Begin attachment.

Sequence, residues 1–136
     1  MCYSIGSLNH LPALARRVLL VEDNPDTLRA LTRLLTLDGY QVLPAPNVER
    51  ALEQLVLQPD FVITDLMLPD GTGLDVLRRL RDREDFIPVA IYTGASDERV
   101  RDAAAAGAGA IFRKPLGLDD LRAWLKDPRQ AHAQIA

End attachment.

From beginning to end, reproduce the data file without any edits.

Sequence, residues 1–136
     1  MCYSIGSLNH LPALARRVLL VEDNPDTLRA LTRLLTLDGY QVLPAPNVER
    51  ALEQLVLQPD FVITDLMLPD GTGLDVLRRL RDREDFIPVA IYTGASDERV
   101  RDAAAAGAGA IFRKPLGLDD LRAWLKDPRQ AHAQIA